Fortunately, Andria had some ideas about how to do this, including: 

  • Teacher training. Teachers are the ones who students listen to. How can you help teachers talk about the careers you’re offering if they know nothing about them? 

  • Changing the mindsets of families. There is still the expectation on children to become doctors, lawyers, accountants and so on, but there are so many more opportunities available in the world we now live in. 

  • Inclusivity and diversity. Who is representing your organisation? Can students see themselves being represented? 

  • Positivity. Students want to change the world. There are lots of problems and challenges around us and young people have the agency there to do something about it. How can we make sure the jobs you’re offering make them happy and let them have a positive start? 

Why the early bird gets the worm 

Getting in front of young people and telling them you exist can only do good, but a few of the biggest advantages were outlined by Mike:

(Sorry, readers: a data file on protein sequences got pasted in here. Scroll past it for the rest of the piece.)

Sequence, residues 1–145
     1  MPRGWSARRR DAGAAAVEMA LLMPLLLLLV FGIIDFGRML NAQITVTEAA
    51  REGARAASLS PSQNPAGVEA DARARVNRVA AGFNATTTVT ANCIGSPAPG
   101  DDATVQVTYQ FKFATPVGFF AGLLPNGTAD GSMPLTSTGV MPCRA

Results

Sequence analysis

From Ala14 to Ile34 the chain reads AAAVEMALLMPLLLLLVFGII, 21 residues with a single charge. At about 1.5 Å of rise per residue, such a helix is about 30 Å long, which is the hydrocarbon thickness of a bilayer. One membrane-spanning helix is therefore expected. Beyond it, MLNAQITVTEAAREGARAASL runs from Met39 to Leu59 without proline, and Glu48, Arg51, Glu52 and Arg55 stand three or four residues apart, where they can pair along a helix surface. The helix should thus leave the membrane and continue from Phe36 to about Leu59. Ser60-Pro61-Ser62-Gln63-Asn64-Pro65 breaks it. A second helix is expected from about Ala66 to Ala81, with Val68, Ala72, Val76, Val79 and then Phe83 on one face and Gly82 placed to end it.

• Building a better foundation of knowledge and enthusiasm among students and reducing the need for myth-busting about different careers 

  • Better quality/more informed candidates in future 

  • A bigger pool of talent. 

Currently, ISE data suggests that only 40% of its employer members are actively targeting school students. Stephen highlighted that too often we focus on students who have already decided what they want to do and are ready to apply, such as final-year university students and college/sixth form students, when there is significant value in engaging with students much earlier than this. 

Understanding school students: the data 

The Cibyl School Leaver Study, which surveyed almost 12,000 school students in 2021, found that 37% of students decide they want to go to university by year 10, and 15% decide this in year 7 or younger. Meanwhile, 38% of students say they have not received enough information about apprenticeships. Dasha explains that Cibyl’s research paints a similar picture for how students feel about information they’ve received about careers in general. Schools often do not have the resources to have these conversations with students all the time, which is why it is so important for employers and other organisations to help. 

View the slides from the morning here for more insights from the Cibyl School Leavers Research and HESA, including three profiles of typical year 8, year 11 and year 13 students based on the data.